Titled "Policing in the 21st century", the report also said that alcohol-related violence had put pressure on available police resources, thereby diverting officers from fighting serious crime, reported telegraph.co.uk
"There is certainly a strong perception amongst police forces that alcohol-related violence is on the increase. What is clear is that forces now deploy resources to deal with alcohol-related crime and disorder for longer periods of time, as a result of longer opening hours, and in larger areas, as late-night drinking is no longer confined to city centers," observed the report.
It cited research that found 45 per cent of victims of violence described their assailant as being under the influence of alcohol. There has also been an increase in trouble in suburban areas, because people are drinking locally at weekends, where pubs now stay open later, rather than paying the cab fare and entry fees of pubs in town centers, it added.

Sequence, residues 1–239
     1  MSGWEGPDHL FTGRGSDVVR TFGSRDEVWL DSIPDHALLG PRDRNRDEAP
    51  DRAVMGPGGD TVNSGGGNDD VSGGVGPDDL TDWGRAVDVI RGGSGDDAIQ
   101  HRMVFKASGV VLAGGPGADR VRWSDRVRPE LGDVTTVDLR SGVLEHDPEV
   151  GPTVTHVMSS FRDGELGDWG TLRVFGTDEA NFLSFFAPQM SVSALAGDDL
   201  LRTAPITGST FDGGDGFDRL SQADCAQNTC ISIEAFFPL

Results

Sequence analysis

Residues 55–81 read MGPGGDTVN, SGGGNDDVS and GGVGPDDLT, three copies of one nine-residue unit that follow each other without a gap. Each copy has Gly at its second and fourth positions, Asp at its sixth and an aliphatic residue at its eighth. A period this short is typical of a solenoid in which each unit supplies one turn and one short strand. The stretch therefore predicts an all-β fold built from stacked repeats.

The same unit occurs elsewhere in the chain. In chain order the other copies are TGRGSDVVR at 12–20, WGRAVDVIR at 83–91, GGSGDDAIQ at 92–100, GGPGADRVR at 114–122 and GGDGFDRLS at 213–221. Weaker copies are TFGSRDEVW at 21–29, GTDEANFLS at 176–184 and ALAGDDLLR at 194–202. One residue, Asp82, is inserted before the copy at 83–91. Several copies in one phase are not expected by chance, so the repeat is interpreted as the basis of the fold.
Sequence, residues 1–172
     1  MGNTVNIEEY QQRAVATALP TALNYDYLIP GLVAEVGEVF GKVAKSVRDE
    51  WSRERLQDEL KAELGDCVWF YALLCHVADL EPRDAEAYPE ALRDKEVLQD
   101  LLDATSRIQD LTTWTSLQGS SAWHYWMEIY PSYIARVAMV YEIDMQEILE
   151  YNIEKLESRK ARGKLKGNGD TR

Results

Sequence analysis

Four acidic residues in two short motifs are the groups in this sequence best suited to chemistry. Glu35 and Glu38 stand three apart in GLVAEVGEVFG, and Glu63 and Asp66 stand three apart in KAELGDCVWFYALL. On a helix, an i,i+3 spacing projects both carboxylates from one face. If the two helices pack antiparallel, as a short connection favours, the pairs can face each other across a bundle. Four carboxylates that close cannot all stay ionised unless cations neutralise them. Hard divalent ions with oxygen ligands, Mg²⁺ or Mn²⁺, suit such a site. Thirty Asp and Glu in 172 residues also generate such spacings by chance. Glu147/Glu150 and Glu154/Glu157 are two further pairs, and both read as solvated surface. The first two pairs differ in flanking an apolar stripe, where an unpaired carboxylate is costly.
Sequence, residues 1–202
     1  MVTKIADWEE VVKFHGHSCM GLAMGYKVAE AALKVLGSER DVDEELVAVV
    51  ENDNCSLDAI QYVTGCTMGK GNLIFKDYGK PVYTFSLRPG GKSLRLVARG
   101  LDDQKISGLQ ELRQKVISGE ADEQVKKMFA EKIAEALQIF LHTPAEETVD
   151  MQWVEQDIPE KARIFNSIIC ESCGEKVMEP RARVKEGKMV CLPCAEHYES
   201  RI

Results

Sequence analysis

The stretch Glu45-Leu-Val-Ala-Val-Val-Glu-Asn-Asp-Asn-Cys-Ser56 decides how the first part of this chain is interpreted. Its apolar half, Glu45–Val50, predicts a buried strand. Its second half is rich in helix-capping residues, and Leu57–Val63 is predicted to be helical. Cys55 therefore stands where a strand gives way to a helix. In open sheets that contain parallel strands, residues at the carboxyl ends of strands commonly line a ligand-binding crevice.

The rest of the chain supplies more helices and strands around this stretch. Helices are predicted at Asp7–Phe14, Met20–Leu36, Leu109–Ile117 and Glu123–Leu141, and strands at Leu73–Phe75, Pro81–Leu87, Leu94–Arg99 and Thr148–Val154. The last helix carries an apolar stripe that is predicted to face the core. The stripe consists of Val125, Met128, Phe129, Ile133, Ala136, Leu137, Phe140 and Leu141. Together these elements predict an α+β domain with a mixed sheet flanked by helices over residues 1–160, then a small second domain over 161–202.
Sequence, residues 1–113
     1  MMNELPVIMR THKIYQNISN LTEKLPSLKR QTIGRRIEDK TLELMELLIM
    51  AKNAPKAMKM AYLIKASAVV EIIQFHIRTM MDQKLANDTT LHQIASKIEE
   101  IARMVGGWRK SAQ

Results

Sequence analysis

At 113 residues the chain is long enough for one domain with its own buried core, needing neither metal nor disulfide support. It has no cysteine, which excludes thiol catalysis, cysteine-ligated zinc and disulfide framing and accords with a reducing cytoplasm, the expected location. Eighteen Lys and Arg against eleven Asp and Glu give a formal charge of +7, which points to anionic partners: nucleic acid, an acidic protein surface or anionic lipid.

Opposition leaders said that the findings of the report exposed the Government's "reckless" approach to 24-hour drinking laws and a top down target-driven agenda that has proved "an expensive disaster".
Calling for a ban on selling alcohol, the Committee also suggested setting up of a minimum price for all drinks. "We cannot have on one hand a world of alcohol promotions for profit that fuels surges of crime and disorder, and on the other the police diverting all their resources to cope with it", the report quoted Committee Chairman Keith Vaz as saying.
The report also noted that the real price of alcohol has fallen dramatically in the past 30 years and urged ministers to clamp down on irresponsible bars and pubs.